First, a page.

The underlying concept is that an incremental development approach guided by a vision and landscape framework can build trust necessary for community partnership. A champion and consistent project-level leadership can further support progressive implementation centred on heritage, the environment and an engaged community.
The vlei is part of a system of vleis within a natural water system located in the south west of the metropolitan area. The system plays a number of roles in urban and natural systems. It for example, mitigates flooding and improves water quality, including an urban stormwater management role. It is a conservation area that protects vegetation types such as Cape Lowlands Freshwater Wetlands, Cape Flats Dune Strandveld (rated as endangered) and Cape Flats Sand Fynbos (rated as critically endangered).
As part of the City’s biodiversity network (BioNet), it plays a role in connecting natural blue and green systems, within the broader BioNet network of sites. Because it connects into a corridor that links source-to-sea, it provides safe ‘stepping stones’ for important floral and faunal movement of for example, the endangered Western Leopard Toad (Amietophrynus pantherinus) (Princess Vlei Forum, 2023).
The PVF worked with community members to develop a vision, which the City adopted and then prepared a CDF, released in 2016 after public participation, wherein the vlei is recognised as a valuable resource that should be retained and enhanced over time. The CDF sets out development principles, activity zones and land uses surrounding the vlei.
The vision for the vlei is an inclusive, people-oriented, multi-use place, with natural environmental value, diverse opportunities and extensive public activity and enjoyment. Underpinning this is the pursuit of a place that functions as a whole for the citizens it serves.
A number of implementation projects and works packages were completed following the finalisation of the CDF. These include upgrades to the Eastern Shore Entrance Precinct and to the Eco Centre, the larger area being packaged into smaller, western and eastern shore precincts (Figure 2).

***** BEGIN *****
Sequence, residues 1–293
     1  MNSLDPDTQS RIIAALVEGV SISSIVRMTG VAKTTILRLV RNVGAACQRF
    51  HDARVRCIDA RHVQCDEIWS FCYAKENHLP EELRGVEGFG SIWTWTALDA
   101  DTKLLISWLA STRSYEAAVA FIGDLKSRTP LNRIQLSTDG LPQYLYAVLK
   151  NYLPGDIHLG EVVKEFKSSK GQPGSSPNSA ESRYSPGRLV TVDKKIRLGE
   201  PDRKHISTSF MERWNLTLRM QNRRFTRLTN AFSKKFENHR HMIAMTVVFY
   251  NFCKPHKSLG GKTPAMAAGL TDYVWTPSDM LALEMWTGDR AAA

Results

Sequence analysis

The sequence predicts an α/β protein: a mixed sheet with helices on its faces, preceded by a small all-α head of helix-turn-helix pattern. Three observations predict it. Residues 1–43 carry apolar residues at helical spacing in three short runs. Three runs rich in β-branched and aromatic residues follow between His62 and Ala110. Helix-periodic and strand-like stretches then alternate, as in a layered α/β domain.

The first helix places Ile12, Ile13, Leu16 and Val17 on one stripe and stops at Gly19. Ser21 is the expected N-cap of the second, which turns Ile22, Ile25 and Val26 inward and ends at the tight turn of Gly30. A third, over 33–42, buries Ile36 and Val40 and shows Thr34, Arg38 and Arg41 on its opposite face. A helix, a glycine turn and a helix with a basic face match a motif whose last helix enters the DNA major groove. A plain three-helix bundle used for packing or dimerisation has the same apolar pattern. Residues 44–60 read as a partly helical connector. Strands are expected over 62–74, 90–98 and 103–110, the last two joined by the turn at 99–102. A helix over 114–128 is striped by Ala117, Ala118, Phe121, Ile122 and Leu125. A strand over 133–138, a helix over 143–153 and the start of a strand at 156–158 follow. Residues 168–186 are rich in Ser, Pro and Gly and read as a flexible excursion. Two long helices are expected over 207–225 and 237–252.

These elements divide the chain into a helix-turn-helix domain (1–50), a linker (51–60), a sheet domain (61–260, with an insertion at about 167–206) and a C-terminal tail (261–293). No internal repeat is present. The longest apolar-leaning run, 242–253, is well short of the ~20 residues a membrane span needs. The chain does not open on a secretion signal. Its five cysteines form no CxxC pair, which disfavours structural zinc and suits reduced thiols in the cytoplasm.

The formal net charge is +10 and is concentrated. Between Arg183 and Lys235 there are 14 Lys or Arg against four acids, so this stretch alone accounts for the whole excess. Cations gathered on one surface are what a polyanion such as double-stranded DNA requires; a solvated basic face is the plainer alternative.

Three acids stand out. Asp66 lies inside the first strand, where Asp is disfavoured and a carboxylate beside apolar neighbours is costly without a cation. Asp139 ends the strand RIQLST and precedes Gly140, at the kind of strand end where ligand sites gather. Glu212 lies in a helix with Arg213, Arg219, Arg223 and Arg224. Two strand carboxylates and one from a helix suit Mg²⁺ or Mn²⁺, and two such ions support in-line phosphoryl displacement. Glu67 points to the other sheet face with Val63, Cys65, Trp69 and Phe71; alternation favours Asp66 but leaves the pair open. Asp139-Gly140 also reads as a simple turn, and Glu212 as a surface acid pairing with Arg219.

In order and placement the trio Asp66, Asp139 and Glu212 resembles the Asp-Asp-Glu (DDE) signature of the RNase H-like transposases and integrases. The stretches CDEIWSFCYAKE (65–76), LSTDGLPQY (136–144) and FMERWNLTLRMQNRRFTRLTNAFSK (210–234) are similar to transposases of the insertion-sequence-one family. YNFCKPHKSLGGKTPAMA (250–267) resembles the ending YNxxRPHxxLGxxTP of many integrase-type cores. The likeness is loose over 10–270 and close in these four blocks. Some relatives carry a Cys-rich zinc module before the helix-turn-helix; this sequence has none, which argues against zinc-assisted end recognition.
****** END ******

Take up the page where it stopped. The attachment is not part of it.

The eastern shore predominantly provides for parking within an entrance precinct, recreation and children’s play areas and the design of a circular trail around the vlei. This contrasts to the western shore that includes upgrading existing facilities at the Eco-Centre, extending the existing building, upgrading walkways, external areas and the existing obstacle course. The upgrade will use a combination of timber and tensile steel elements (Figure 3).
In 2020 the vlei’s heritage significance was recognised by gaining Provincial Heritage Site status.
The framework plan has been shown to have the following value:
o Prevents inappropriate/inconsistent development
o Allows for incremental implementation through examples
o Allows for experimentation – projects are small, risk is therefore low
o The community forum plays a role in shaping outcomes
Princess Vlei played a key role in historic exploration and settlement, and has become something other than a shopping centre. Wetlands, such as these provide natural capital and enviromental resilience, becoming part of the City's blue-green infrastructure. Princes Vlei is a valuable case study, illustrating the role of the community in shaping development and protecting natural systems (Figure 4).